Shinsaibashi is one of the most popular areas in Osaka, with countless stores from high-end retailers to the familiar high street shops. This neighborhood is more than just for shopping though, with some of the most exciting attractions, delicious foods, and fun bars and nightclubs. Be sure to make the most of your time in this thriving district with our list of the 10 best things to see and do.
Space Station is a staple of this niche bar scene. It’s packed with both locals and tourists almost every night of the week, so it’s a great place to meet like-minded people from all over the world. Space has 13 consoles, 8 screens, and scores of games ranging from nostalgic NES favorites to the most recent Super Smash Brothers. Space Station is the only game bar in town that doesn’t have a cover charge – you only pay for your drinks, many of which are named after video game characters you love, like the “Floating Peach” and “Gin Sonic”. To find it, just look for the flashing, animated LED staircase at street level and climb on up!
Almost as famous as Dotonbori is Shinsaibashi-suji, an undercover shopping avenue that is the heart of the Minami district. Shinsaibashi-suji has been Osaka’s most important shopping area for 400 years, with hundreds of shops lining this 600-meter long street. From huge department stores like Daimaru and flagship Uniqlo clothing stores to small independent boutiques, there is something for every shopper and every wallet on this street. There are also dozens of delicious restaurants and cafes hidden in the streets and the alleys leading just off it.
If you’re looking for a one-stop-shop for all your quirky Japan souvenir purchases, or simply a place to willingly get lost in for a few hours, Mandarake is the place to go. Mandarake is a multi-story specialty shop selling goods like used video games and action figures, old movie posters, costumes, manga, anime, and more. Many of the toys and electronics are used and nostalgia-inducing. It’s a great place to shop or simply pass the time perusing the shelves.
Nestled away in this busy entertainment district is the Mitsuhachimangu Shrine, which has been standing since 749. The name “Mitsu” means port, suggesting the sea once came inland up to the Shinto shrine. These days the grounds are surrounded not by water, but by the hip Amemura district. The shrine is the home of the guardian god of Minami, the south section of Osaka. This quiet shrine is particularly lovely in the spring when the cherry blossoms bloom.
Mitsutera Temple is another holy site to take refuge in if you need a break from the rushed urban atmosphere of Shinsaibashi. Located just off the busy Midosuji street and surrounded by urban highrises, this temple is a sanctuary of tranquility. This temple was built in honor of the Shingon sect of Buddhism, founded in the 8th century in Koyasan, a venerated town south of Osaka.
Located to the west of Shinsabashi is Amerikamura, also known as Amemura. With its American-style boutiques and shops, international bars, and low prices, Amemura is a popular hangout spot for trendy youths who like Western fashion and pop culture. Rather than the big-name brands found in Shinsaibashi or Midosuji, Amemura has indie boutiques and thrift stores that give it its quirky and lively reputation. Flea markets are sometimes set up on weekends and there are often street performances. This makes this a fun place to visit and hang out to experience the fusion of Japanese and Western culture.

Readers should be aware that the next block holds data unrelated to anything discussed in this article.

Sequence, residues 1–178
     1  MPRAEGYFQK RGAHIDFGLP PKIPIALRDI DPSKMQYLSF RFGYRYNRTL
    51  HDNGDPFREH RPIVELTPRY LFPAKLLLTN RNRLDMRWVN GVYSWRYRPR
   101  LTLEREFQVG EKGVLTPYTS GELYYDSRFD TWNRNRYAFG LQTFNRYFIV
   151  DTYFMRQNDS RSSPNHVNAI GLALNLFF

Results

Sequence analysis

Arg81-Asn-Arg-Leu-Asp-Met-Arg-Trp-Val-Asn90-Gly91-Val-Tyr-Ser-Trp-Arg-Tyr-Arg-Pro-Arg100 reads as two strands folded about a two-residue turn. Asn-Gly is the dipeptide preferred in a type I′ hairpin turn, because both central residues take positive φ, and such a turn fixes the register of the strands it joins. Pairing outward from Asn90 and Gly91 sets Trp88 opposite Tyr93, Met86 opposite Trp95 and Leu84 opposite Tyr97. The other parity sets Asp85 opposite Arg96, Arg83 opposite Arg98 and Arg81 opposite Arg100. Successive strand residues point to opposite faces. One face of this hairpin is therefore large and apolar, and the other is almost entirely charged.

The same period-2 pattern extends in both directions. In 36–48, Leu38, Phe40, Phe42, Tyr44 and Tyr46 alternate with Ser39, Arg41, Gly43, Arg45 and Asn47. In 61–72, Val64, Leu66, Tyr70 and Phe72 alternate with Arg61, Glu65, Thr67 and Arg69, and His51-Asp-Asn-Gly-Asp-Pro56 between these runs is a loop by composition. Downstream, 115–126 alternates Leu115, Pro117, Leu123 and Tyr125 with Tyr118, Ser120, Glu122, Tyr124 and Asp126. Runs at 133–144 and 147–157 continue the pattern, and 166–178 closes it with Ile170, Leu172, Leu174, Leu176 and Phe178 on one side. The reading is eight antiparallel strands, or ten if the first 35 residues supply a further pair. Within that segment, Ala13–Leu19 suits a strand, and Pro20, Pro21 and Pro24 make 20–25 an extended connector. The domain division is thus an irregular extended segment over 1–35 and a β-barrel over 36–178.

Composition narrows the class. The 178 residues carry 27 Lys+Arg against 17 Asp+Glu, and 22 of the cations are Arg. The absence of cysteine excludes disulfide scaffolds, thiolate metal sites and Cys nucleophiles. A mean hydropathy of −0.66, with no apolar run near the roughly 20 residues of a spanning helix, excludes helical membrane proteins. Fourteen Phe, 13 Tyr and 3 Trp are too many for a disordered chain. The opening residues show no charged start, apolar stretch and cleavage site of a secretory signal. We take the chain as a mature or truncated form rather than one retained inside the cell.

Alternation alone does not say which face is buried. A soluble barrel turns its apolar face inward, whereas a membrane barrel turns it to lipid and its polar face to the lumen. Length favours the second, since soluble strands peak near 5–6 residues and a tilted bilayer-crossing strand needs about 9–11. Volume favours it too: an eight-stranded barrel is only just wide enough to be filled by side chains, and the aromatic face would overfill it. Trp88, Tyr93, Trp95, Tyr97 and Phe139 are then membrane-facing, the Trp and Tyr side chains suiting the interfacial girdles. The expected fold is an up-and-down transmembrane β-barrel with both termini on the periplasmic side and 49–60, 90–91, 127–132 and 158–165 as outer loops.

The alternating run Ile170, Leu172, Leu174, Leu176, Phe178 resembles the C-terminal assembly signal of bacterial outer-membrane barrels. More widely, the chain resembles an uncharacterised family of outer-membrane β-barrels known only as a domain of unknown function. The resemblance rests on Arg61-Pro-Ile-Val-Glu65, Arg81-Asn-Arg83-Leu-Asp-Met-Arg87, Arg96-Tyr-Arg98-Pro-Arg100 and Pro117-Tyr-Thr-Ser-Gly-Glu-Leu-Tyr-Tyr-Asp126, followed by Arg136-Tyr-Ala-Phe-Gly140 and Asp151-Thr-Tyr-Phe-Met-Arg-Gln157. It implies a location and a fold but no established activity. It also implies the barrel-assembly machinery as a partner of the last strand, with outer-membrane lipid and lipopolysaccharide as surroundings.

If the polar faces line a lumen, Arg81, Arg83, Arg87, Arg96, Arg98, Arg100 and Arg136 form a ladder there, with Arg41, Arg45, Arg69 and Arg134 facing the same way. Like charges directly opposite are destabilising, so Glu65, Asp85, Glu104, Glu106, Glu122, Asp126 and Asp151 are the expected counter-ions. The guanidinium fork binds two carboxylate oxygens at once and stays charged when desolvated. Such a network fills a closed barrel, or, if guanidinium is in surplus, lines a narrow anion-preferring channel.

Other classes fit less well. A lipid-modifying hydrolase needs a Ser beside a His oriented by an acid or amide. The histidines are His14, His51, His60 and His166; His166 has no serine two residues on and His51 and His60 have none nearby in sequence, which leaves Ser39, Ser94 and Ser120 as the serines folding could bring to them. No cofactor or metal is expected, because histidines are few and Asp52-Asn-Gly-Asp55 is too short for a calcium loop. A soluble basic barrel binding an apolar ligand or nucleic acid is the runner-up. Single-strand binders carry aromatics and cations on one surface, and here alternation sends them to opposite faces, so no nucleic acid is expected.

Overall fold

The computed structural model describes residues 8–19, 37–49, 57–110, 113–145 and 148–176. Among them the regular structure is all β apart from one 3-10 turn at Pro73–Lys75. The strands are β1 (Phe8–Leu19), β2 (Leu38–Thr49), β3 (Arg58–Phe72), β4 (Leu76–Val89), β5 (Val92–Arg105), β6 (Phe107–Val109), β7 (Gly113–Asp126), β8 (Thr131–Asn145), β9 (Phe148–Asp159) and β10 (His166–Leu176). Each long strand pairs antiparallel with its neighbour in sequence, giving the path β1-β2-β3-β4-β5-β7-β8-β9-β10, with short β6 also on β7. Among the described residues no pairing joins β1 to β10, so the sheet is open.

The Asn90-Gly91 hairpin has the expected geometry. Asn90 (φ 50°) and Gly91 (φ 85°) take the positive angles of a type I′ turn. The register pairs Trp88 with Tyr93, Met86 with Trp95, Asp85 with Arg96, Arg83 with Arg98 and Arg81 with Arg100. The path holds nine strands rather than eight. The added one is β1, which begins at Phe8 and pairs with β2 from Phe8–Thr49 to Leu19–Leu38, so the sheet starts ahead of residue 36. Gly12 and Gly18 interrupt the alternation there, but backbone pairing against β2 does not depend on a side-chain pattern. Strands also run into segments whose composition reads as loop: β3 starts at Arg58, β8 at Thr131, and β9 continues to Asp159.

Alice on Wednesday is a great shop to grab some gifts and knick-knacks. Inspired by Lewis Carroll’s Alice In Wonderland, the tiny entry door is only a meter tall. The interior reflects all the adventures that Alice experiences in Wonderland, including bottles labeled “drink me” and chocolates labeled “eat me”. “Would you dare try one in case you shrank to the size of a mouse or grew to the size of a giant?” The store is small, so be ready to queue to get in. It’s worth it to see childhood memories brought to life.
A night out in Japan is not complete without a little karaoke, and a nighttime excursion in Shinsaibashi just isn’t the same without a trip to Kama Sutra. This tiny but lively karaoke bar is a staple of the local nightlife scene. Customers sing together in one space, and you can choose from one of the over 130,000 songs while ordering a drink at the bar. The staff are extremely friendly and speak both Japanese and English.
Another way to take a break from the hustle and bustle of this crowded district is to stop at Cat of Liberty, a cute cat cafe and the first in the country. Customers pay by the hour to simply sit and drink coffee or tea with over a dozen furry friends. Cat treats and toys cost slightly extra. There are many types of cats to play with at this cafe, including a Sphinx cat and a giant Maine Coon. The atmosphere is very calming and both the staff and the animals are very friendly.
A tiny little bar among many in Shinsaibashi, rock bar Cherry Bomb stands out with its laid-back atmosphere and rock music scene. American owners Chris and Jesse originally started this place to fill the gap of rock music bars in the local bar scene, and it has since evolved into a gathering place for locals, expats, and travelers, where you can be sure to find English-speaking company. While they don’t have anything fancy in terms of drinks, with a respectable selection of ice-cold craft beers on tap, Cherry Bomb offers what is at the core of the best bars – a fun atmosphere, good music, and most importantly, great company.